Categories
Behaviour Management

2 Styles: How Do You Communicate With Kids?

Paul Watzlawick was a family therapist and communication theorist. As part of his work, he detailed five principles of communication to consider. One of these was the idea that there are two types of interactions between people. Relationships and interactions can be symmetrical or complementary. I find this to be interesting when contemplating which one works best for children with emotional or behavioural needs.

A symmetrical relationship interaction involves two individuals mirroring each other’s behaviour or emotions. The two parties minimise the differences between each other. A practical example would be when a student gets angry, the teacher responds by getting angry or vice versa. Alternatively, a teacher may be indifferent about a topic of conversation and a child mimics this indifference. When this is the prevalent dynamic of a relationship, behaviour and emotions can escalate. Have you ever had a symmetrical relationship with a child in your class? What about a colleague or friend?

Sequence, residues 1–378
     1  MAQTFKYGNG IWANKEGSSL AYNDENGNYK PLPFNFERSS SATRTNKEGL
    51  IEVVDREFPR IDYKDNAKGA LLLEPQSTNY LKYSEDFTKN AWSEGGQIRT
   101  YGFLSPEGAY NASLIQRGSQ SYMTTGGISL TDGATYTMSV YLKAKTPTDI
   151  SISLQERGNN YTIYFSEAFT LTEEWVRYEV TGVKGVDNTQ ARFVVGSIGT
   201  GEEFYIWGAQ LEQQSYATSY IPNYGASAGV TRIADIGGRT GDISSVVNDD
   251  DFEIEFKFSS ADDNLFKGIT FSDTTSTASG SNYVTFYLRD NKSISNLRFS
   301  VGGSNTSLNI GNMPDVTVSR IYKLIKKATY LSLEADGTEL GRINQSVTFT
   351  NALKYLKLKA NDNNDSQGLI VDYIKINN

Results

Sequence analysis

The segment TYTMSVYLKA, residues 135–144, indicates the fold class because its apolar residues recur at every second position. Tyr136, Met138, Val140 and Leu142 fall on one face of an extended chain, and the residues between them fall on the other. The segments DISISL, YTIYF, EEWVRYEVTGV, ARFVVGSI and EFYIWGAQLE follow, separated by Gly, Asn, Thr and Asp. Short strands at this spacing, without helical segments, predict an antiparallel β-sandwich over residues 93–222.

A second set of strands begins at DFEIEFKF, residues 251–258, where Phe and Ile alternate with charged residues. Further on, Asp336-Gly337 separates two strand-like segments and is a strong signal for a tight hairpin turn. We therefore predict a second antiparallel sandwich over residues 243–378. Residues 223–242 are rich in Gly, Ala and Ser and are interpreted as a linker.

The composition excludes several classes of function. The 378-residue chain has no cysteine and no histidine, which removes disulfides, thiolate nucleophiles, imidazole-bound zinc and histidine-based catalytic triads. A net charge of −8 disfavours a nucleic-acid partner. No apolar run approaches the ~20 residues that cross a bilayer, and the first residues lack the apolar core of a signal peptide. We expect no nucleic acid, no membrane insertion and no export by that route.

A complementary relationship or interaction results in the two parties having two distinct roles. One person is in the “one-up” position and one person is in the “one-down” position. In a complementary relationship, one person’s persistent aggression would lead to the other’s constant withdrawal. Equally, one person’s habitual negativity could lead to the other’s consistent positive outlook. 

Is symmetrical or complementary better?